Australian and New Zealand planes carrying humanitarian aid have landed in Tonga after volcanic ash was cleared from an airport runway.
The C-17 plane left Australia on Thursday morning carrying shelter, hygiene kits, equipment for people clearing ash and water containers.
A Royal NZ Air Force C-130 Hercules is carrying aid supplies including water, temporary shelters, generators and communications equipment.
Defence Minister Peter Dutton said the planes are delivering equipment to help rebuild Tonga's communication network after a vital underwater cable was damaged during the submarine volcano eruption which sparked a tsunami.
"We are working closely with Tonga and listening to their needs and their requests," Mr Dutton told 2GB on Thursday.
The HMAS Adelaide is also ready to be deployed from Brisbane, loaded with humanitarian and disaster relief supplies, along with critical equipment to help recovery efforts.
Three Chinook helicopters have also been loaded onto the ship.
It's expected the voyage to Tonga will take five days, and the ship will serve as a base for relief work.
Australia's high commissioner to Tonga has described the damage from a tsunami in the Pacific nation as catastrophic, as more disaster relief supplies arrive.
Rachael Moore said the volcanic eruption and tsunami led to large numbers of buildings being wiped out on small islands.
"Through the region, these places are devastated, they're described as a moonscape," she told ABC Radio on Thursday.
"We've seen reporting of zero houses remaining on some of the small islands and along the western beaches. There's a moonscape where there were once beautiful resorts and many, many homes."
Ms Moore said freshwater contamination in the country following the tsunami had caused significant issues.
"Water is an extremely high priority here and it's something the government is working on, and development partners here are working closely with them on ensuring that they have what they need," she said.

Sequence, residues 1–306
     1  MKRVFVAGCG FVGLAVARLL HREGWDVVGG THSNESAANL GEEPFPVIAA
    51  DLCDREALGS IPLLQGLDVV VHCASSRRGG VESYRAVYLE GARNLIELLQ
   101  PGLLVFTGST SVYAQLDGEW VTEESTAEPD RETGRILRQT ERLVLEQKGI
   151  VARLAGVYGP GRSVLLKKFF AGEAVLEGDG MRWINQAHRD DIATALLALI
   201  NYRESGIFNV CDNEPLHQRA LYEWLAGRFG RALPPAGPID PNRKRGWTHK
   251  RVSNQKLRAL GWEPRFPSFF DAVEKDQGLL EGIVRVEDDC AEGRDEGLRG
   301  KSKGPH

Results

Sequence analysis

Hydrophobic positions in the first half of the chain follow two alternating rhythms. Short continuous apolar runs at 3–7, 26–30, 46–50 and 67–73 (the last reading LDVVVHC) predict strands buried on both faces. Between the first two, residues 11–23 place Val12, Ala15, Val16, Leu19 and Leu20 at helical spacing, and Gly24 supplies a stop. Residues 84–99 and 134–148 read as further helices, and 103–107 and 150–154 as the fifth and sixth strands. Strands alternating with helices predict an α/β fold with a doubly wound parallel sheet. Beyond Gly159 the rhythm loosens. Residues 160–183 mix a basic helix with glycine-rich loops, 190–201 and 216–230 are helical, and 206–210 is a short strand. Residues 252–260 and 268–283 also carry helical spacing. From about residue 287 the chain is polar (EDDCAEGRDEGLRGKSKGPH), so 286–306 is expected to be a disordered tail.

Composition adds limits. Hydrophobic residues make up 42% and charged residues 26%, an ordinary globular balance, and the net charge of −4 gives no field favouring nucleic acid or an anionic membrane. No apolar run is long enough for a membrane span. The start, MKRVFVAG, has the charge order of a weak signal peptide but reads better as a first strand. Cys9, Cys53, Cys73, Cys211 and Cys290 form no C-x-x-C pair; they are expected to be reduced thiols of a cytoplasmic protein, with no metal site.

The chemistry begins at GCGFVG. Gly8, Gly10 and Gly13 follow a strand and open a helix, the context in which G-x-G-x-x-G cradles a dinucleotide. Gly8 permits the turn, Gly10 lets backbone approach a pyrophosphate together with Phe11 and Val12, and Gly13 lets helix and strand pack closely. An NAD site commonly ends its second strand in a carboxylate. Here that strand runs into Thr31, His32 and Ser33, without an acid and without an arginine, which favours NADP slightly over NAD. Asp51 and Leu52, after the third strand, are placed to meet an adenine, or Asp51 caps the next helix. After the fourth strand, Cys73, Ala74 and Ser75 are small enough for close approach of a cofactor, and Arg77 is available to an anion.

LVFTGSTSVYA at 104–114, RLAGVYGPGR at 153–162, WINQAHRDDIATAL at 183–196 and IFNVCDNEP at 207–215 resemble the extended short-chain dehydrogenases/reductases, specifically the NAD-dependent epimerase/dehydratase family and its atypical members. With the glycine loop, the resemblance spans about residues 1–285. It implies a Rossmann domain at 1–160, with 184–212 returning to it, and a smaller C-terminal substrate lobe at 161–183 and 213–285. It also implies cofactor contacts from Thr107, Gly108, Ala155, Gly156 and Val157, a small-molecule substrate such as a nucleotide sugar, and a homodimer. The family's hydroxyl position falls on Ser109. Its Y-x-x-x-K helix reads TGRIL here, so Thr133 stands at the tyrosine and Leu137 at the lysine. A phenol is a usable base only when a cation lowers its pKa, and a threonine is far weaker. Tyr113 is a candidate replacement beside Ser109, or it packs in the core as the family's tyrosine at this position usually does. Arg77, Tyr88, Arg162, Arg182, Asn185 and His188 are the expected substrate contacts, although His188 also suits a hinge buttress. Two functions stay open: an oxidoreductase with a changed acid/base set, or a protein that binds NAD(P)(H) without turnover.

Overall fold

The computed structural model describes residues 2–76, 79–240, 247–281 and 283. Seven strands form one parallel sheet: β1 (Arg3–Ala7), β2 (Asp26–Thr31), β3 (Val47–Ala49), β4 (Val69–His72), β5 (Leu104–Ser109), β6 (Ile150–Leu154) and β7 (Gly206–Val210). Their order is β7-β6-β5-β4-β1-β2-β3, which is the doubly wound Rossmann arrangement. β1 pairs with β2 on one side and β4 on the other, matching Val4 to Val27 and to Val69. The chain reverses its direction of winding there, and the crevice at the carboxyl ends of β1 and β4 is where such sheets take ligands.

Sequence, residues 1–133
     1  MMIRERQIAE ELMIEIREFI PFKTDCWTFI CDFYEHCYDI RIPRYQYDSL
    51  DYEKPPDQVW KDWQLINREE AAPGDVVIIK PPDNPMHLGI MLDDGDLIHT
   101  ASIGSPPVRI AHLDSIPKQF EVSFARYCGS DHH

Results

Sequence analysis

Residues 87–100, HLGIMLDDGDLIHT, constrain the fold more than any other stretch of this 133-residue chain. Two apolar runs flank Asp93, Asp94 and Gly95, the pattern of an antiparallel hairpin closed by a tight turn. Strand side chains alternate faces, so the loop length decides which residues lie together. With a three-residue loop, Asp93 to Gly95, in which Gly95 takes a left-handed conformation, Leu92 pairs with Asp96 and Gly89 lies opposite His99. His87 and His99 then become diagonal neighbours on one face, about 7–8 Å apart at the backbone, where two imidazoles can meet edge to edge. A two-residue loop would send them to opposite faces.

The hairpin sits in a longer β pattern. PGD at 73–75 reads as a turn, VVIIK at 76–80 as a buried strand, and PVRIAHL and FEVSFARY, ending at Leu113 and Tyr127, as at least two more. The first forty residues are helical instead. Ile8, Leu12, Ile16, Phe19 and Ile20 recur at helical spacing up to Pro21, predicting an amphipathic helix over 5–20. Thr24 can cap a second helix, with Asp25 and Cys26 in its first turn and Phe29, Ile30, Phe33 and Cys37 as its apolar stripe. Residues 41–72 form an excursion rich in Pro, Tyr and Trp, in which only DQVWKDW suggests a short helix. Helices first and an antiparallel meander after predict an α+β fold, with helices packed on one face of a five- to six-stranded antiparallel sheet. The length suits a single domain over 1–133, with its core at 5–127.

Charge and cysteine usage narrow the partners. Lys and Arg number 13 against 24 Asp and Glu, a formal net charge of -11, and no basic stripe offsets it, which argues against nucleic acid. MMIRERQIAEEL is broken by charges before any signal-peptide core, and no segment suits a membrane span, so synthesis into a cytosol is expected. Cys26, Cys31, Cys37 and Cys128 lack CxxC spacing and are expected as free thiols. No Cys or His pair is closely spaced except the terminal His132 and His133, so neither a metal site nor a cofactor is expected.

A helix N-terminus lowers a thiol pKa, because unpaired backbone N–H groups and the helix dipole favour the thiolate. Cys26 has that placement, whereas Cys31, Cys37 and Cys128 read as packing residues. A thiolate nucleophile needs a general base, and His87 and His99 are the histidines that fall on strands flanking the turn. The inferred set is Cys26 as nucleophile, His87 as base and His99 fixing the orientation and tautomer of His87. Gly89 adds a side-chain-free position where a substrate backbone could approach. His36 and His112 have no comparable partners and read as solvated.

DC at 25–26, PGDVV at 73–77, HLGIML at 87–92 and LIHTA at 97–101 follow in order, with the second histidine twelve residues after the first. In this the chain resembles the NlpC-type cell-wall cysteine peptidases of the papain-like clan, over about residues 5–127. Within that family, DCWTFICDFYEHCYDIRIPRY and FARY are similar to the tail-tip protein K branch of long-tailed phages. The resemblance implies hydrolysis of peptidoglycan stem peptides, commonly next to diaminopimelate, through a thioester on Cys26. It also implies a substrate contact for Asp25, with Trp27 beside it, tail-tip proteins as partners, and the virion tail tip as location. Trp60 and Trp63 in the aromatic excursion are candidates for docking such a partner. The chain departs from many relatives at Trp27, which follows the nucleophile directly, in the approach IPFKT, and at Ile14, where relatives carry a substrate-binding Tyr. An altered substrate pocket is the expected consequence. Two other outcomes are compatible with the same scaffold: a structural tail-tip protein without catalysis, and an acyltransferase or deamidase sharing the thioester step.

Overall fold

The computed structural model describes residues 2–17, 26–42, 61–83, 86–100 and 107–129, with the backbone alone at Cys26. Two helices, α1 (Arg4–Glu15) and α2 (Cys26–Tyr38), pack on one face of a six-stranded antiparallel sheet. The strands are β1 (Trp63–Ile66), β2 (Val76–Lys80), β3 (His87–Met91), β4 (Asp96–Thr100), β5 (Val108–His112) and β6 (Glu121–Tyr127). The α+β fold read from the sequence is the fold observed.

Phone communications have been restored in Tonga after several days of limited access, allowing residents to contact family abroad.
Internet connections will take longer to restore after an underwater cable was severed, with its repair expected to take several weeks.
Complicating matters are Tonga's pandemic border measures, which have kept the Pacific nation COVID-free.
Disaster relief efforts are expected to be led by locals on the ground to avoid a spread of virus cases on top of the tsunami damage.
The offshore patrol vessel HMNZS Wellington is due to arrive on Thursday carrying a helicopter as well as mapping and diving personnel.
Support vessel HMNZS Aotearoa is expected to arrive on Friday with bulk water supplies. It can carry 250,000 litres, and is able to produce 70,000 litres per day a through a desalination plant.
The HMNZS Canterbury is planning to leave on Saturday with two NH90 helicopters on board.
Prime Minister Scott Morrison spoke with Tongan Prime Minister Siaosi Sovaleni on Wednesday, and Foreign Minister Marise Payne spoke with her Tongan counterpart Fekita Utoikamanu on Thursday.
Australian Associated Press
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